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Trainee Spotlight: Jittasak (Jake) Khowsathit, PhD

  • Jittasak (Jake) Khowsathit, PhD
    Postdoctoral Associate
    Dr. John Karanicolas' Lab
    Fox Chase Cancer Center
    [email protected]


    I have always been interested in science. “Dexter’s Laboratory” and “Pinky and the Brain” were amongst my favorite cartoons when I was little. During high school I had an opportunity to join Thailand’s Junior Science Talent Project, where they fund research labs across the country to take in high schoolers to do real research. That’s how I ended up studying Rickettsia spp., well known to cause Rocky Mountain Spotted fever here in the US. During my undergrad years at Chulalongkorn University, I switched from studying pathogens to studying shrimp immunity (shrimp is one of the major food exports in Thailand and is very important for the economy). It was during these years that I developed a fascination for proteins and their role in life. During one of my classes, a professor mentioned in his lecture that “proteins were designed by mother nature and we could only mimic her work, but never create anything novel.” I was determined to prove him wrong; that’s when I knew I wanted to study novel protein design.

    My path brought me to John Karanicolas’ lab at the University of Kansas. He was starting to explore the use of computational approaches (Rosetta) to design novel protein switches where the protein’s function could be turned “on and off” using small molecules. In the beginning, we sought to demonstrate that the idea worked as a proof of concept. Then one day John called me into his office with a poker face. I thought I was in trouble. He said, “The lab will be moving to Fox Chase Cancer Center, are you interested in tagging along?” After driving a giant U-Haul truck for 1,200 miles, we ended up here in Philly in 2016. Aligning my previous work with Fox Chase’s goal, we decided to apply our computational approaches to design novel cancer treatments. Based on this work, I completed my Ph.D. in 2019. As a postdoc at FCCC, I am using the methods developed in my graduate work to create immune-checkpoint inhibiting antibodies that have fewer side effects than currently available therapies.

    Research Overview

    Therapeutic monoclonal antibodies have transformed medicine, particularly for use in cancer treatment. More than 50 antibody-derived drugs have already reached the clinic, the majority of which target cytokines or cell-surface receptors. Unfortunately, many of these targets have adverse side effects caused by “on-target off-tumor” activities. To mitigate this, we have developed a strategy whereby an antibody’s ability to recognize its target is controlled by a small molecule. We envisioned that the designed-antibody will be administered in an “inactive” form and will be activated only in the presence of the rescuing small molecule. The small molecule will be administered locally to the tumor. Thus, antibody activation (and toxicity) only occurs in the tumor microenvironment.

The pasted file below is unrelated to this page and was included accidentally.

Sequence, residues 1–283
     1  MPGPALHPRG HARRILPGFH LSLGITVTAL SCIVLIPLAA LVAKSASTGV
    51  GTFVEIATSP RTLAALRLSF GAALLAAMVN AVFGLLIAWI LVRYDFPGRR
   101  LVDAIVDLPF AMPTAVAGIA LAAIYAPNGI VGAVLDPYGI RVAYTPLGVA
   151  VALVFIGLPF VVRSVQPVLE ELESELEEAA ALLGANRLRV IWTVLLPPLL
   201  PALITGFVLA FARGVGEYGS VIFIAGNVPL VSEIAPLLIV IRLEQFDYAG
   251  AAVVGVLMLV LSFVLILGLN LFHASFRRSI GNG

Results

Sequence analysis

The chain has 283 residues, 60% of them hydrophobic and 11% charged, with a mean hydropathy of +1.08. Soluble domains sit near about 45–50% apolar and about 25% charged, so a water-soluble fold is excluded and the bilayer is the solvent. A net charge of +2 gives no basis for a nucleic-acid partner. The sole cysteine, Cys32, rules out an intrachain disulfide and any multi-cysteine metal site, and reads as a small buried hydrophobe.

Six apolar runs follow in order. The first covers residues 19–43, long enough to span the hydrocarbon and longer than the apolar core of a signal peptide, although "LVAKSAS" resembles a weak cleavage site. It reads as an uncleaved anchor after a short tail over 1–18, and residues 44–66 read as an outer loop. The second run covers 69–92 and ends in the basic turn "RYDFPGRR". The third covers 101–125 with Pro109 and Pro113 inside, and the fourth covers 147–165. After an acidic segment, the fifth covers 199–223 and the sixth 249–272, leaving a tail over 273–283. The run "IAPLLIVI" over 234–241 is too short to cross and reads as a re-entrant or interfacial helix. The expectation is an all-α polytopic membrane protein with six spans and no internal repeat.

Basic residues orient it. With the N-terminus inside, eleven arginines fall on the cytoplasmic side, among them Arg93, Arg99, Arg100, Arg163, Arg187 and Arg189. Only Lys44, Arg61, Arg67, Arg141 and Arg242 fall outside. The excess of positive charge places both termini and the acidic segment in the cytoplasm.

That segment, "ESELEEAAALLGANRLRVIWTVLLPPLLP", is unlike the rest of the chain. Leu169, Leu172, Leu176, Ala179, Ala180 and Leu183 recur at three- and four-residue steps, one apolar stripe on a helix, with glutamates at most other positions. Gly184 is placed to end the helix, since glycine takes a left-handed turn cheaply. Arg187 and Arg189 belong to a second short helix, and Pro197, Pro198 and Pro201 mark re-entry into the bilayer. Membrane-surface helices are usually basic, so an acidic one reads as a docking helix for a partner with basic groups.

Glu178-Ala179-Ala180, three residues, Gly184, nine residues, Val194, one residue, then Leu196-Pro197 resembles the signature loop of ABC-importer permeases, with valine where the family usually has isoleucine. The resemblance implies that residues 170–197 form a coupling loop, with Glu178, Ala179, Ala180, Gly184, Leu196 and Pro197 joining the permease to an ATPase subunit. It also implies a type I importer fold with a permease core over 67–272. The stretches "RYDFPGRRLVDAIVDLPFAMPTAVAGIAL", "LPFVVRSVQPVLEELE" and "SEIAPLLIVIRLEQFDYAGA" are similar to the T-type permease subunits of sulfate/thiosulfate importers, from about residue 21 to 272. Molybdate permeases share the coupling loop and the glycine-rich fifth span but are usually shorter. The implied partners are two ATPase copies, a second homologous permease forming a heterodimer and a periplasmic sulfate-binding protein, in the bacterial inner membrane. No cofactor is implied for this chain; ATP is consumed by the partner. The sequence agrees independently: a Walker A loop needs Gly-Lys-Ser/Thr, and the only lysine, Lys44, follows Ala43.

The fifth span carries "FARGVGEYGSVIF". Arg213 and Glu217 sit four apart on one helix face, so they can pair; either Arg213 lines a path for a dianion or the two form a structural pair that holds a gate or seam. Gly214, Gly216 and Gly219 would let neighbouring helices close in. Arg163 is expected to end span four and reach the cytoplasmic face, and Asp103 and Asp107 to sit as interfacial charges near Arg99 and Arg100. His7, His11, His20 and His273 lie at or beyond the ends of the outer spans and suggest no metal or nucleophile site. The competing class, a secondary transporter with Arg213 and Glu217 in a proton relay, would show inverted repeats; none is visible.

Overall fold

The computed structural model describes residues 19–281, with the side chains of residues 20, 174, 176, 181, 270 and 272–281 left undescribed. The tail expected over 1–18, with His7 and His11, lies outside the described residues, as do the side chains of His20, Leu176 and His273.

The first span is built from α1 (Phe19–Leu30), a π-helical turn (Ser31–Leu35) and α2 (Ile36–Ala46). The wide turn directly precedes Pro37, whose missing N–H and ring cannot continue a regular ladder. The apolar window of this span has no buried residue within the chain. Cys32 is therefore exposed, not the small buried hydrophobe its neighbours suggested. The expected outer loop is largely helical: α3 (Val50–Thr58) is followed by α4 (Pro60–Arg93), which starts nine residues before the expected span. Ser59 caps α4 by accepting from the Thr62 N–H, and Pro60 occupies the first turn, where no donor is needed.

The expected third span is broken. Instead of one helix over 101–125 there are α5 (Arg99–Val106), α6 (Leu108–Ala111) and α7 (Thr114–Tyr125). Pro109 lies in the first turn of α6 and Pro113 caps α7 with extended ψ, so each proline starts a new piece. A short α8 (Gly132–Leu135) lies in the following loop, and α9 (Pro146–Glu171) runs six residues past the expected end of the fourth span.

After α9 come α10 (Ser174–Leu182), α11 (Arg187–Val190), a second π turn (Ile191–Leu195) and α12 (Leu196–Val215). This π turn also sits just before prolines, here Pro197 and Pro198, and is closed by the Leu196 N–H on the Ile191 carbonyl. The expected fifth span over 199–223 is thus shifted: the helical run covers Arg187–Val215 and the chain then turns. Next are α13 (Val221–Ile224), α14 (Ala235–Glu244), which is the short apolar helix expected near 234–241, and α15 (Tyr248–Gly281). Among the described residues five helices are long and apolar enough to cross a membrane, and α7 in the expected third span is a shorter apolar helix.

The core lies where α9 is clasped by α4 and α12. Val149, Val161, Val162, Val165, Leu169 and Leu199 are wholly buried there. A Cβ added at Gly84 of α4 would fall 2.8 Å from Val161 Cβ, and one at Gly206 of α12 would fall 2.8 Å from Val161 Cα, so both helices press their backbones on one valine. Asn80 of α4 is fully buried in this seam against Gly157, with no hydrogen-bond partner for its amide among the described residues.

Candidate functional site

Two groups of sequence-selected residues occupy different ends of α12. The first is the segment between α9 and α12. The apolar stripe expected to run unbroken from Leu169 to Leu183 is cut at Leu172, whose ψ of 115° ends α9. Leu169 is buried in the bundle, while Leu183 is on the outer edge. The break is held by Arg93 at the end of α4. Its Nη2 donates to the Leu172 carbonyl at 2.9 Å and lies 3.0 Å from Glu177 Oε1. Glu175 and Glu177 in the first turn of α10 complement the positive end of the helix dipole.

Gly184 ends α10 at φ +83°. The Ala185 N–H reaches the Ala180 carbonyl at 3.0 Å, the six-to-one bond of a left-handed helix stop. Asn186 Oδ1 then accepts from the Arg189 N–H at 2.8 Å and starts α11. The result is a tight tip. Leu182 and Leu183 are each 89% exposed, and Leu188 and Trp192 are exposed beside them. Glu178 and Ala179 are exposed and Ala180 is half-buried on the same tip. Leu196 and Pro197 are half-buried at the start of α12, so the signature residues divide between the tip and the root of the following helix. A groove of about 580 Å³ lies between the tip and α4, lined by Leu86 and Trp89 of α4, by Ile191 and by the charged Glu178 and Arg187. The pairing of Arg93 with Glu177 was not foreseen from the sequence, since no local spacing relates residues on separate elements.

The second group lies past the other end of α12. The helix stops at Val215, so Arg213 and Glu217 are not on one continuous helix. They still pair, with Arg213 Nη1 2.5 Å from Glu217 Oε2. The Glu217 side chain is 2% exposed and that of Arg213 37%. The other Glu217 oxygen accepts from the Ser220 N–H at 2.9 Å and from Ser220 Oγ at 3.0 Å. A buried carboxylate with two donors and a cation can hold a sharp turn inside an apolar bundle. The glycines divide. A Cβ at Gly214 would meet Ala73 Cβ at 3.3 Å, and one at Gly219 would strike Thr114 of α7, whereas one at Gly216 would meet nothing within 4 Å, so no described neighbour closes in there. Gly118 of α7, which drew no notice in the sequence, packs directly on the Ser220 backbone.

To design pairs of inactivated antibodies and rescuing small molecules, we developed a novel computational strategy. First, we model a set of mutated versions of the antibody. Each mutated version has a uniquely-shaped cavity on the interface of the molecule, causing the antibody to be nonfunctional. Then, we carry out a complementary virtual screen to identify drug-like compounds that bind in each candidate cavity, thus restoring the function of the antibody. Based on our models, we identified the most compatible antibody/rescue molecule pairs to test in vivo. We demonstrated the utility of this strategy in a fluorescein-binding single-chain variable fragment (scFv) antibody and experimentally characterized a triple mutant with reduced antigen-binding (Rip-3) that can be rescued using a complementary small molecule (Stitch-3).

    The residues that were mutated to generate the Rip-3 fragment are conserved in many therapeutic antibodies, suggesting that the Rip-3/Stitch-3 (mutation/small molecule) pair may serve as a general starting point for introducing small molecule-dependence into many clinically-relevant antibodies. Currently, we are in the process of applying what we have learned in our model system to immune checkpoint inhibiting antibodies (anti-PD-1, anti-PD-L1, and anti-CTLA-4). Successful implementation of small molecule-dependent antibodies in the clinic may lead to reduced immune-related adverse events associated with current treatments.

    Featured Publication

    Khowsathit J, Bazzoli A, Cheng H, Karanicolas J. Computational Design of an Allosteric Antibody Switch by Deletion and Rescue of a Complex Structural Constellation. ACS Central Science. 2020 6 (3), 390-403. DOI: 10.1021/acscentsci.9b01065

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    Figure 1. Designing small molecule-dependent antibodies to reduce side effects of antibody therapies. (Top) Summary of the design strategy. Introducing cavity-forming mutations (Rip-3) in the interface between the heavy and light chains of a therapeutic antibody will lead to dissociation of this domain−domain interface, leading to loss of antigen-binding activity. Subsequent addition of a rescuing small molecule (Stitch-3) will induce reassociation of the domain−domain interface and, thus, restore activity. (Bottom) Model of the rescued Rip-3/Stitch-3 complex. The residues that comprise the Rip-3 constellation are indicated in blue sticks and are shown in superposition with the small molecule predicted to rescue this mutation (Stitch-3, orange). Green spheres represent the antigen (fluorescein).


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